Katie Vlietstra, Director of Government Affairs for the National Association of the Self Employed, who live-Tweeted the debate at @GAatNASE, called the event entertaining television but frustrating for small business owners. Considering that the self-employed account for at least 76 percent of small businesses, Vlietstra said, "It seems to me that both candidates and campaigns are missing the boat when talking about small business."
Vlietstra found Romney's explanation of is idea for a tax deduction "bucket" to be "interesting" but, she said, "You're talking about a self-employed person making $60,000. They don't have that much in deductions. Instead, they want to know, are they able to deduct their health insurance like any other employer?"
Romney's suggestion that middle-income or many self-employed taxpayers would benefit from being exempt from paying any tax on interest on savings dividends or capital gains also seemed a bit out of touch. Most middle-income taxpayers don't have such savings so that the exemption would mean anything to them, Vlietstra said.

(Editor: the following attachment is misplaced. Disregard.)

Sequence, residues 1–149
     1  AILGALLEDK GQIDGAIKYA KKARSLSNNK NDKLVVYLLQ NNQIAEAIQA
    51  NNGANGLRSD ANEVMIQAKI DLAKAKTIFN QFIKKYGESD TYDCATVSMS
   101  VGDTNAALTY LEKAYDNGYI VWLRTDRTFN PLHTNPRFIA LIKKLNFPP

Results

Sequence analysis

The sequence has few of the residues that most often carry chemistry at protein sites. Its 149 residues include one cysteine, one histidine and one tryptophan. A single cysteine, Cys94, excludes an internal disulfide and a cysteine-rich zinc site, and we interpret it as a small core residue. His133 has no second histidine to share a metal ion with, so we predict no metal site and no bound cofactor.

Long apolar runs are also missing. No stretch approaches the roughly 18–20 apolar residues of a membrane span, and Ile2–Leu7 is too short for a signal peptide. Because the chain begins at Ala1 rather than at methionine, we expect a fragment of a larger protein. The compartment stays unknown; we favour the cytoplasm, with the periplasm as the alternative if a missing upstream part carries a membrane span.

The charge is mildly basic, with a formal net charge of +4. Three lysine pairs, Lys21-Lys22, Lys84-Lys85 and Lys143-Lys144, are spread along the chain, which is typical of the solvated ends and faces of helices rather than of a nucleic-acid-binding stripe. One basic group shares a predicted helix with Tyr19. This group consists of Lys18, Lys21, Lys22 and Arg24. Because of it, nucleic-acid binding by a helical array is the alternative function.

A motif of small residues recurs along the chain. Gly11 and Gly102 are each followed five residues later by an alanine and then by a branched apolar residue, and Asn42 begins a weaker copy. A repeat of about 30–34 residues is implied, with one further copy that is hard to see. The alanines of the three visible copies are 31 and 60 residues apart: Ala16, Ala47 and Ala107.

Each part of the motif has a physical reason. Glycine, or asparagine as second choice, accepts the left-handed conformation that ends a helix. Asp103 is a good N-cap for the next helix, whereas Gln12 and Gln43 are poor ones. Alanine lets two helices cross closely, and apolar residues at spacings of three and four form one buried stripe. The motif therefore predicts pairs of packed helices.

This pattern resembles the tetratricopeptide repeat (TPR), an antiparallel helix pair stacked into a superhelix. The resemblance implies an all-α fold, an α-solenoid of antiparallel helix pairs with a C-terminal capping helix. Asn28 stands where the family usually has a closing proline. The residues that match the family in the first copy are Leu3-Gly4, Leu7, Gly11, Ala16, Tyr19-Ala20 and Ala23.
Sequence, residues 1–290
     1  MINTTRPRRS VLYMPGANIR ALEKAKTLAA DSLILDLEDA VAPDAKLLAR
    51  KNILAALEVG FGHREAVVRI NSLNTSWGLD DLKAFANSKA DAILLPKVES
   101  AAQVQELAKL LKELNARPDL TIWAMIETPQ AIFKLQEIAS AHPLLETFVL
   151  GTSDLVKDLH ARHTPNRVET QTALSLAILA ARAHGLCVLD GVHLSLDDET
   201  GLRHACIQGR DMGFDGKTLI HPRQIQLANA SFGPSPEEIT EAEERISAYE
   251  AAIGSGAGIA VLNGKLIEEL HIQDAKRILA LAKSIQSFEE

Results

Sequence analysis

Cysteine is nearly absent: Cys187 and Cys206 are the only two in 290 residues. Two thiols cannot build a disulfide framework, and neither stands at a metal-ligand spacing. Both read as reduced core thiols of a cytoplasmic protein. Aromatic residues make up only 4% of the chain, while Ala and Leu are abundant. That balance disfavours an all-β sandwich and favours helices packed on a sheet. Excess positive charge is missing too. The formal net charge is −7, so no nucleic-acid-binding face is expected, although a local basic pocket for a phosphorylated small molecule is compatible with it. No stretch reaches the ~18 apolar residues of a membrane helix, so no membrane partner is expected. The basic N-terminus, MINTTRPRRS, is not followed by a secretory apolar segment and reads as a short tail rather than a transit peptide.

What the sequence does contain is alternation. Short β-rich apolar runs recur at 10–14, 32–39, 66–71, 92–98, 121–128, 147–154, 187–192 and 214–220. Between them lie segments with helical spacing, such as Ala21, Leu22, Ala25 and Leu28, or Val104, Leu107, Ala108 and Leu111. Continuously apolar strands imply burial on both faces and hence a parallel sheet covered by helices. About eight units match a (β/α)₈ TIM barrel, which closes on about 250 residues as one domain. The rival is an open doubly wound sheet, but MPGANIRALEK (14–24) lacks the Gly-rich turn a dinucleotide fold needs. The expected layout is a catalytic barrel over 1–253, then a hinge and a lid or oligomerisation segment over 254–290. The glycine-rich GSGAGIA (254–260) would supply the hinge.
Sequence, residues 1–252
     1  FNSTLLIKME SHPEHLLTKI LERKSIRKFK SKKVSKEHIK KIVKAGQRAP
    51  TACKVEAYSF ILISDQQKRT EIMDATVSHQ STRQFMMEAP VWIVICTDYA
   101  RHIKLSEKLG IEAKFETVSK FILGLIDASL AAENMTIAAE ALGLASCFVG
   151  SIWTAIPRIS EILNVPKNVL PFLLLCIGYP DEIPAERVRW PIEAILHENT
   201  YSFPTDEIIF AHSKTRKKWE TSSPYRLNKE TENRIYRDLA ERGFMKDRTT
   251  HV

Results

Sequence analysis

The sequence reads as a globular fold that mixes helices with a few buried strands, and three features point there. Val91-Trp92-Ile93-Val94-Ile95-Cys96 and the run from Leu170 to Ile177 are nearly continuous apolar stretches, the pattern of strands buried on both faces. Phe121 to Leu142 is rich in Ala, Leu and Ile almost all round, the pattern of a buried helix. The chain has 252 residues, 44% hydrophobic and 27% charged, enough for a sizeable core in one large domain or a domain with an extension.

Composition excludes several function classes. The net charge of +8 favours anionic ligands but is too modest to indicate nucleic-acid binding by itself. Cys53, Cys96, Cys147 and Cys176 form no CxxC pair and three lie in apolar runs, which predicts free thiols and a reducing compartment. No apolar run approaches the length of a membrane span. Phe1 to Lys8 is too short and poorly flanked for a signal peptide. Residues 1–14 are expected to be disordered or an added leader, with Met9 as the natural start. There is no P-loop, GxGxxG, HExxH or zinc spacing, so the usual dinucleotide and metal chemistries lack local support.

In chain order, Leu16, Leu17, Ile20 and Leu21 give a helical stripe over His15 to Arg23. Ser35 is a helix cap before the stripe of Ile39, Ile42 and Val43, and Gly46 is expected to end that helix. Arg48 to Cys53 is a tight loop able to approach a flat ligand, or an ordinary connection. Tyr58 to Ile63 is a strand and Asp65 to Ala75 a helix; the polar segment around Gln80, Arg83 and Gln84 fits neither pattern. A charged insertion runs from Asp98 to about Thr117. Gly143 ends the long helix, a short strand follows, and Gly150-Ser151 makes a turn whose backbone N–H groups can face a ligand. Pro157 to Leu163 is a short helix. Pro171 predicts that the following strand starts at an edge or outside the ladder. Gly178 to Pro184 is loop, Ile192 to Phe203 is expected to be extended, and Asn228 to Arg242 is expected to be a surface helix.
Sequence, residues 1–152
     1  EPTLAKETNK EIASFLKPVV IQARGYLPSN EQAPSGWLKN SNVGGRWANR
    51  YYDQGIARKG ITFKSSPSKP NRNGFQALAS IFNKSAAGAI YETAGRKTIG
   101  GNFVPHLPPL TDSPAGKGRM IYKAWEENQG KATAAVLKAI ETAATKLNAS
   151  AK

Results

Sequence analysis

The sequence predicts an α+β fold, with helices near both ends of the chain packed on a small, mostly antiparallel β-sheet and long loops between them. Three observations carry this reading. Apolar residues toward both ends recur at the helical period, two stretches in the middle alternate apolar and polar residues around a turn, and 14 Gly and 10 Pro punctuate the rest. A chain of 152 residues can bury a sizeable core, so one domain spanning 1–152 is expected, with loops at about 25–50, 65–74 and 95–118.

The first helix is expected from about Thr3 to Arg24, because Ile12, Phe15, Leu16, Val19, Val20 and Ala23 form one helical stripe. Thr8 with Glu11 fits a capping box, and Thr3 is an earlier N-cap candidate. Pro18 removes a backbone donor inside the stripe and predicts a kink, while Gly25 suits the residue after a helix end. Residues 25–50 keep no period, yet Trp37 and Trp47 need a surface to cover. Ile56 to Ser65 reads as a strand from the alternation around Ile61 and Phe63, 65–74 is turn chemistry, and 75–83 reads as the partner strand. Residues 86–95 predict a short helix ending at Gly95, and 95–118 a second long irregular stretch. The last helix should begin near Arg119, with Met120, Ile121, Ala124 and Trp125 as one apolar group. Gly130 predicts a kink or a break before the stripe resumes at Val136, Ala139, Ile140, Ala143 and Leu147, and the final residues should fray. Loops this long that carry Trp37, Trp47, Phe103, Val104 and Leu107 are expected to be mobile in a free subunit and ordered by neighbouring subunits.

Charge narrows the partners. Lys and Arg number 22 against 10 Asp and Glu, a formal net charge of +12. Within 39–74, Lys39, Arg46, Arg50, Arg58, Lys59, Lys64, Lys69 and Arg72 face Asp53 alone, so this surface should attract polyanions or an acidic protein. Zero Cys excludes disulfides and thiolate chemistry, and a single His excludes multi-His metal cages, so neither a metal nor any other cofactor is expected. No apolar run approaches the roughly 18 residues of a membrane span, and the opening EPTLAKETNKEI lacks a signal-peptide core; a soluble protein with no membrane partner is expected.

There's still hope that the candidates could give small business owners more to chew on before they vote. NASE is waiting for responses to questions it posed to each campaign. And although next week's debate will ask the candidates to discuss foreign policy, "10 days out from the election they'll probably spin their answers out to domestic issues," Vlietstra said.
Click here to read the entire article.